With all the news from Japan, news from New Zealand's earthquake has fallen off the news map. I just got this update from friends Sue and Tim Brown in Christchurch. We met on our honeymoon many years ago. They gave me permission to share their story here.
Many of the hardships they're facing weeks after their quake will be in store for those who survived the quake in northern Japan. And there are lots of lessons there for we Southern Californians. The story they tell reminds me of hardships after the Northridge quake.
Christchurch & Brown Family Update
We are hearing that outside of Christchurch now the media has turned to other concerns and challenges around the world (not surprisingly!) so here’s the latest from here … sorry not keeping up with you all individually! In some ways 22nd February seems only like yesterday and in other ways it’s a very long time ago … all Christchurch residents have their own stories but here are some of the facts & figures as we understand it:
Christchurch City - the Next Steps
extracted from our local MP’s (Member of Parliament) update a couple of days ago (with comments by Tim):
- Power, water, sewerage and roads – Getting these systems up and running for households is a critical priority. Huge progress has been made - 99% of households outside the CBD, and 50% of the wider CBD, now have power. About 94% have running water and over 80% have flushing toilets. There are 1500 portaloos around the city. More than 20,000 chemical toilets will have been brought into the city by next week.
- Safety - The next step in making the city safer will be demolishing dangerous buildings. About a quarter of buildings in the central city have been red-stickered (assessed as too dangerous to enter), so this will take some time. Civil Defence will co-ordinate this process. As this happens, the current cordon will be progressively reduced, but we expect the central city to be closed for several months.
- Rebuilding - This will be a massive and complex job, which we expect to take several years. We expect the Government to play a role in funding and co-ordinating building work and encouraging firms to return to the central city. Due to aftershocks and the need for inspections and demolitions, building may not begin for several months ...
Civil Defence Update
Canterbury Earthquake – key facts and figures, updated as at 1030 hours 23 March 2011
- Confirmed fatalities (total) 166
- Missing persons: Approx. 35 (although the estimate of deaths is 182)
- Calls to the government helpline 125,615
- Number of Earthquake Recovery Centres: 10 (522 people seen yesterday)
- Building teams deployed 220
- EQC (insurance) claims received 79,966
- Power restoration 100% of customers outside the CBD have been reconnected.
- 50% of CBD customers have been reconnected, but fluctuating cuts are likely due to requests for power cuts in certain zones due to recovery efforts.
- Number of households with mains supply water: Over 95% have mains supply.
- Portaloos: Over 2000 are in use, with another 900 ordered.
- Sewerage: Estimated 92% of sewerage connections are removing waste from homes, however only 65% of waste reaching treatment plant with sewerage discharges to local water courses continuing.
- State Highways SH74 is fully operational.
- Lyttelton Tunnel : Open to emergency services, freight, and local residents only.
- Local Roads: Most local roads are open. 3 bridges are closed and 4 bridges have restricted access. 55 roads are closed or partially closed and 17 have restrictions in place.
- Approximately 60% of public bus services network is now running.
- Fuel: 17 out of 130 stations closed
Building Assessment Statistics (as at 1015 22 March 2011)
Red placards 2544
Yellow placards 5300
Green placards 57,470
(end of extract)
The national civil defence emergency has been further extended to 1st April – and it most likely will be extended beyond this date - legally it has to be extended every 7 days. Red placards mean that the building has been assessed to be unsafe to enter and may need to be demolished. Yellow placards mean that the building is deemed safe for short restricted access only (accompanied by an engineer) and Green mean these buildings are safe to enter. These assessments are however usually based on a look at the building from the outside only and are provisional until an engineer does a proper assessment before occupation. Building status aside, the location of your building puts more restrictions on your access (if your building is near to one that may collapse you may not be allowed access, even if you have a green sticker) – here’s the latest cordon map (the purple star marks Sue’s old office.):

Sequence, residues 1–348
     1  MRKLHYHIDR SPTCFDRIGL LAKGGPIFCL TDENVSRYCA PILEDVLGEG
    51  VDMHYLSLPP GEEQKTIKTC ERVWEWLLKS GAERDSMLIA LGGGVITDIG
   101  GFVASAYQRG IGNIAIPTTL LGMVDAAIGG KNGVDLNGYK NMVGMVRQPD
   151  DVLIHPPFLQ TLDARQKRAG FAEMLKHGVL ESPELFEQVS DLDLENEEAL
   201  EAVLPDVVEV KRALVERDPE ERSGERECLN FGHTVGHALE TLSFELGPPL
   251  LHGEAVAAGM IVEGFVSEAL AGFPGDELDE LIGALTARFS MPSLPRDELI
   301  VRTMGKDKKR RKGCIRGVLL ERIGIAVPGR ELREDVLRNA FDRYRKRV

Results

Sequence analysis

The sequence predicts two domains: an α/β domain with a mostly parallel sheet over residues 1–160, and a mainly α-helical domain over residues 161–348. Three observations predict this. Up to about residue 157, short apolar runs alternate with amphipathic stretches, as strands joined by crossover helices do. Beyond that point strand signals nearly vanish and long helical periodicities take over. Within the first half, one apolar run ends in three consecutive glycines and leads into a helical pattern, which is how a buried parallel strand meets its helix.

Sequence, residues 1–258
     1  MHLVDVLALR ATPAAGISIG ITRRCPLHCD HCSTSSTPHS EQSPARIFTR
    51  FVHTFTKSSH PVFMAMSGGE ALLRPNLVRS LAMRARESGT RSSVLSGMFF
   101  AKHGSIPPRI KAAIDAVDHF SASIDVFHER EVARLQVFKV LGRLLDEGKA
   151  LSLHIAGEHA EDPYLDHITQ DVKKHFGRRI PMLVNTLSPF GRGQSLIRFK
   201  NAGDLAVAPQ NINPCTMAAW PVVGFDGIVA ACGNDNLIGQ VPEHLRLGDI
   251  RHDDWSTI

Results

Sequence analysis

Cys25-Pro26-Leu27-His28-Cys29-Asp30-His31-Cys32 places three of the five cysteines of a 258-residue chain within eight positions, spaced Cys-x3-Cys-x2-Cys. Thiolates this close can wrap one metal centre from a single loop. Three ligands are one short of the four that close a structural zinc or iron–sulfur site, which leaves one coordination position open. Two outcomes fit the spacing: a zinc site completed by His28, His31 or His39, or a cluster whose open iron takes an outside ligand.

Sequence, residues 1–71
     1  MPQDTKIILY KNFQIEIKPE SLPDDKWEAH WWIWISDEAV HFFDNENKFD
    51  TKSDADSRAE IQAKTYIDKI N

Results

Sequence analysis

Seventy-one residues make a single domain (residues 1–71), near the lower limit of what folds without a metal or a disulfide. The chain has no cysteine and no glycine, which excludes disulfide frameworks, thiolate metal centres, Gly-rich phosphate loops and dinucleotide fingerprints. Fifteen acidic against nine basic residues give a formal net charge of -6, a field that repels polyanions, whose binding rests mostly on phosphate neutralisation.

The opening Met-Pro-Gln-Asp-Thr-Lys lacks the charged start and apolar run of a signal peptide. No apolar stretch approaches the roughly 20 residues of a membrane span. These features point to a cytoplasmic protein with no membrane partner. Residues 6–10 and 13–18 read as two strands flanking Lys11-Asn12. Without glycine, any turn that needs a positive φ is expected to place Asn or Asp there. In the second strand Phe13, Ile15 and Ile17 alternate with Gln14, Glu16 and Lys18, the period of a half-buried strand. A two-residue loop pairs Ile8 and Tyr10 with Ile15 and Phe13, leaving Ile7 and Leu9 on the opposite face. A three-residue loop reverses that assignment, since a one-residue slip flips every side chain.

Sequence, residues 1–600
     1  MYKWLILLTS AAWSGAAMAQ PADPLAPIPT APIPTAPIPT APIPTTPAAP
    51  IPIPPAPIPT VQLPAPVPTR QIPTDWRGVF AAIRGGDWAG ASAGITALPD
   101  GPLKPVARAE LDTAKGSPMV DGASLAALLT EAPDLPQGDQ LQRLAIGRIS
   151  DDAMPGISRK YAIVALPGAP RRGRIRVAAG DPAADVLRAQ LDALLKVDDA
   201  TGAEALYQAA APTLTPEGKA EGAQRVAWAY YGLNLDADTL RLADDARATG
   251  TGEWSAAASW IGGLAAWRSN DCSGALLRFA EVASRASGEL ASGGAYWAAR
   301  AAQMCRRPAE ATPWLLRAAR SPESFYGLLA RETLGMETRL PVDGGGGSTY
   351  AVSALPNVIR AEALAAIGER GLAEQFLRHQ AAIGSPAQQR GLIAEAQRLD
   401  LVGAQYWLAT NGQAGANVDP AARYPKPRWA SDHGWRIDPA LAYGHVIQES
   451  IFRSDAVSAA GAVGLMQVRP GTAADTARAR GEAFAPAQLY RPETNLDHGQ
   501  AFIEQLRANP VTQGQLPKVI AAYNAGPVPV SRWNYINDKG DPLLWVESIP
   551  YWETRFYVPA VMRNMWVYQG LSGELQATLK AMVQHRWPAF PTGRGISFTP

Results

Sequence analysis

Originally the whole area of this central city map was cordoned off, but, as the checking for human remains and demolition of dangerous buildings has progressed the outside areas have been opened for access.
From a Wellnomics perspective, my former office building (prior to 22nd February) we have a ‘yellow’ sticker (meaning we could theoretically get limited access to retrieve some items) but for the fact that we are in the “red zone”. The city is now starting to be reopened and the remaining orange zones now all have timeframes in which those residents and business owners can start to re-enter their areas (during April) – access to the red zone remains unknown (although as the quote above points out it is expected to be measured in months not weeks). We had already had some experience in September (of not being able to enter our cordon because of an unsafe building a block away from us) so we knew to act fast as this time was clearly going to be much much worse. Upshot - we have relocated our business to 114 Montreal Street (just south of Moorhouse Ave) onto the first floor of a two year old, two-storeyed uncracked tilt panel office thanks to Arnold Jensen Electrical (who have squeezed into the ground floor to leave us their upstairs 270m2 for the 22 of us). We’ve committed to 6 months with the right to renew for 6 months. The reality is we wouldn’t get our team back into our old office even if we had access so for us the decision was quite easy. We are also fortunate that we only have another 8 months left on our lease because now the questions are starting as to whether we need to pay rent when the building is unavailable etc etc. All CBD business are working through the same challenges, some who will have greater difficulties than us with multi-year leases still to run.